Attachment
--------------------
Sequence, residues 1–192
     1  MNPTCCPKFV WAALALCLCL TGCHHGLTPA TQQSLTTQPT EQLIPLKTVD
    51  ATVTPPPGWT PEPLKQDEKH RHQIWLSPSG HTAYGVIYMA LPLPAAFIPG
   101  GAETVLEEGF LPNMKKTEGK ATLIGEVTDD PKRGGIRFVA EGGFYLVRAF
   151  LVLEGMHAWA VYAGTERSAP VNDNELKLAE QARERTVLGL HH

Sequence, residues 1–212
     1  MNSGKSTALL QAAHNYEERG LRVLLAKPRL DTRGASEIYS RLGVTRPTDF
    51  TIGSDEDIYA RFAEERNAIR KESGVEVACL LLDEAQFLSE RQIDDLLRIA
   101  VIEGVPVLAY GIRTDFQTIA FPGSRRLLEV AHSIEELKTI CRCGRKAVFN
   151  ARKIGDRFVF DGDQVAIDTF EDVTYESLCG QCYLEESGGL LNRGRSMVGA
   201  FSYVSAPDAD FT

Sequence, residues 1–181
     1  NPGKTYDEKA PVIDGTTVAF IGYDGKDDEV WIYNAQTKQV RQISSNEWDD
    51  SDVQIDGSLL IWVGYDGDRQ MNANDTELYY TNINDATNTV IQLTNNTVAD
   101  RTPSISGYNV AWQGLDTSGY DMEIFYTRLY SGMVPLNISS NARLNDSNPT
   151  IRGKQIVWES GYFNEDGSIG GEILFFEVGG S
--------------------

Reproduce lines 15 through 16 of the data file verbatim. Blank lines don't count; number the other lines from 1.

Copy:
   101  RTPSISGYNV AWQGLDTSGY DMEIFYTRLY SGMVPLNISS NARLNDSNPT
   151  IRGKQIVWES GYFNEDGSIG GEILFFEVGG S